On a peaceful day in July, fear struck many people as they heard the terrible news that 26 young children were kidnapped by three men. The parents of these children feared what would happen to their precious children, all they could do is hope. Hope that their children would escape unharmed. The Chowchilla Kidnapping has forever changed american culture.
On July 15, 1976, 27 people were traveling on a bus in Chowchilla, California. On the bus there was 26 elementary school students, ages 5 to 14, from Dairyland Elementary School, who were attending summer school. (Yan) There was also One adult on the bus, the driver, named Edward Ray. The Children were on their way from the second to last day of summer school the kids were all so happy and they were begging for summer school to go longer so they could keep having fun. On their way home, bus driver Edward Ray saw three men on the side of the road that appeared to be having car troubles, so he pulled over to see if he could help them. Those men, James and Richard Schoenfeld, and Fred Woods, didn't want help they wanted the bus full of valuable lives, valuable enough to ask for a $5 million ransom. (Yan)
Edward Ray was driving a school bus full of kids on their way home from summer school when their journey went south. Ray had pulled the bus over because there was a van stopped in the middle of the road and he thought the three men were just having car troubles, but this was just a trap, a trap to hijack the school bus full of 26 children that had loving parents that would do anything to get them home safe. (Yan) Once the bus stopped the two Schoenfeld brothers entered the bus along with Fred Woods, wearing stockings over their heads and carrying rifles. The kidnappers had full control of everyone on the bus. They started driving and drove the bus into a thicket of bamboo, where there were two vans waiting for the children and driver to be loaded into. (Yan) The kidnappers forced everyone into the vans, the windows were painted over and nobody would be able to see inside. They drove for hours. The children were miserable for what felt like forever. Nobody knew where they were going, except for the three kidnappers, they were taking the hostages to a quarry owned by the father of Fred Woods, in Livermore, California. When they arived at the quarry the children, along with Edward Ray were put into a buried moving van with no way out. There was barely enough food for one meal, the toilets were just a hole in a wooden box, there were also a few mattresses. The hostages were trapped in the buried trailer for 16 hours, until they finally escaped by moving a plate covering the opening to get out. Fred Woods and the Schoenfeld brothers were sentenced to life in prison without possibility of parole, this was later changed to life in prison with the possibility of parole. (Yan)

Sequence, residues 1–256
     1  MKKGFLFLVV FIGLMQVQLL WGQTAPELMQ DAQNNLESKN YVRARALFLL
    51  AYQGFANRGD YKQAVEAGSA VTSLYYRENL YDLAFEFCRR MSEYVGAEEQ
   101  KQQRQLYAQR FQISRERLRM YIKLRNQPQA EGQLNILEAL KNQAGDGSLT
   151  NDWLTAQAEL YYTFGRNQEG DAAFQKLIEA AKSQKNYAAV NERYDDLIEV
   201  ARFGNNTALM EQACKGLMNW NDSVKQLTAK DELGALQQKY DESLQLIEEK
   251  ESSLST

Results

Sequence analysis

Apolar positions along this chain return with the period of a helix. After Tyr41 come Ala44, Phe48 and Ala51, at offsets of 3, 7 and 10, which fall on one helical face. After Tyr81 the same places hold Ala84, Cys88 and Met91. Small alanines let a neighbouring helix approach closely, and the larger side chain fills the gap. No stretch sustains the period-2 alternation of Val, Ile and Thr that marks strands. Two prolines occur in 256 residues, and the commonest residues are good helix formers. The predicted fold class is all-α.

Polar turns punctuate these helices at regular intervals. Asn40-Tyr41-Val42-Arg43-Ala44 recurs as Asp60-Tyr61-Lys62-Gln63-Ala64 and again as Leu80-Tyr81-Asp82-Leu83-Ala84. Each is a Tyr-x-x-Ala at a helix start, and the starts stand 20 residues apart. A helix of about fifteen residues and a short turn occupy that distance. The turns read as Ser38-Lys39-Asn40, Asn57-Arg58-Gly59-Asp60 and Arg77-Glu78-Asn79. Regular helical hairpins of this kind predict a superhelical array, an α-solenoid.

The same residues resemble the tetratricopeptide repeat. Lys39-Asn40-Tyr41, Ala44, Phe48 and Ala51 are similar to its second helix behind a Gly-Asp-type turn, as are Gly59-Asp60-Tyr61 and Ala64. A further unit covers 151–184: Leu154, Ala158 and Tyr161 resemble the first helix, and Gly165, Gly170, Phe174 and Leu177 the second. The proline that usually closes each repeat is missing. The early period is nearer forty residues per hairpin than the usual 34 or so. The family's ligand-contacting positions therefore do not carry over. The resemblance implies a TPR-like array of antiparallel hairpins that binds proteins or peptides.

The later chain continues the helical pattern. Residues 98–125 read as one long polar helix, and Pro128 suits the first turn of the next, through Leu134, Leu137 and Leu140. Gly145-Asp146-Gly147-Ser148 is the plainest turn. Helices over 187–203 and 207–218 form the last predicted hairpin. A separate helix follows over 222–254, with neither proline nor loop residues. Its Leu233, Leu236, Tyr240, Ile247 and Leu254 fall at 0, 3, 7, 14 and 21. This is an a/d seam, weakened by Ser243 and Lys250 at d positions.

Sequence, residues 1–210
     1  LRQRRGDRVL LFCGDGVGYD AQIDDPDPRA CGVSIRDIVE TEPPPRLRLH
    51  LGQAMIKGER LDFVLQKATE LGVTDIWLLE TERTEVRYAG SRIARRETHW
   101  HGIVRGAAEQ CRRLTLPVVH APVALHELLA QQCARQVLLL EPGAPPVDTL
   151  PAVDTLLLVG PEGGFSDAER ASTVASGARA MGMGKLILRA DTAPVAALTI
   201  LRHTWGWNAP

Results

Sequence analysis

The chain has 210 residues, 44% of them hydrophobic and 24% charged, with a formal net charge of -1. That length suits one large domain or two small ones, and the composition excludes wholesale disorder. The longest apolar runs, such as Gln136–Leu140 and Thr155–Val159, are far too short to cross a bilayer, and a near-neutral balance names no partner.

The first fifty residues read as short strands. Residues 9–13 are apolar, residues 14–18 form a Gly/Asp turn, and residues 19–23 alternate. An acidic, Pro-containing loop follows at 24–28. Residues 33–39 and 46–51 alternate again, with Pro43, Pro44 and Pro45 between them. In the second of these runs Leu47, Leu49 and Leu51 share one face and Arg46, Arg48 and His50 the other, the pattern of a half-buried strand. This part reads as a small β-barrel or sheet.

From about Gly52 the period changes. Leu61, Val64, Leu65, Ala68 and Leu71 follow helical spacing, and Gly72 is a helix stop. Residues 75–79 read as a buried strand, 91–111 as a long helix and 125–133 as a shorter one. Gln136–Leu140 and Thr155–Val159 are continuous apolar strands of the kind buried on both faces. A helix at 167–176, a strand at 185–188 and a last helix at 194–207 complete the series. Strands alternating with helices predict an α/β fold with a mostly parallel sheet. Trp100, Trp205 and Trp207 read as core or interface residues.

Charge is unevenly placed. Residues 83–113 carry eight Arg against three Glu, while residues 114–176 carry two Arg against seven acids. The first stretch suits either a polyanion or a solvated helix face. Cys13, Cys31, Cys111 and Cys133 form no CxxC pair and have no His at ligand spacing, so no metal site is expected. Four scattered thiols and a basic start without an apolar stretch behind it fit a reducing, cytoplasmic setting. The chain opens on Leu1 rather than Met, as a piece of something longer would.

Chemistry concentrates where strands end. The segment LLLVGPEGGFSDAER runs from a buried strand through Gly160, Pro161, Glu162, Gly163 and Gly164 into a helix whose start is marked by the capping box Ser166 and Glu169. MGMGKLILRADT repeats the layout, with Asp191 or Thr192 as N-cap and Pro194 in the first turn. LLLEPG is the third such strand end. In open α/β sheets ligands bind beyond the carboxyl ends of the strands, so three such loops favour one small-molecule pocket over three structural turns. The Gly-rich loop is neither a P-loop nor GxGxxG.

HOW DID THIS CHANGE LAW OR CULTURE?
The Chowchilla Kidnapping scared many people when it happened and still lives deep down inside of many people. The victims of the kidnapping, to this day, are impacted greatly, they weren't harmed physically, but physiologically harmed. (Daily Mail) The city leaders want to move forward from this tragedy that "put them on the map". (Appleton) Many of the people that have moved to the now growing city of Chowchilla do not know or think of what happened some 40 years ago. There are, however, a few people that have remembered this event and will forever. The story of the kidnapping has been featured on several television shows as well as a made for television movie that was shown on ABC network. This event may not be on the top of everyones mind, but for many people it will forever changed how they live and view tragedies like this, people remember this and know that similar events could happen again, which is the scariest thing for some people. (Appleton) The Chowchilla Kidnapping has forever changed american culture.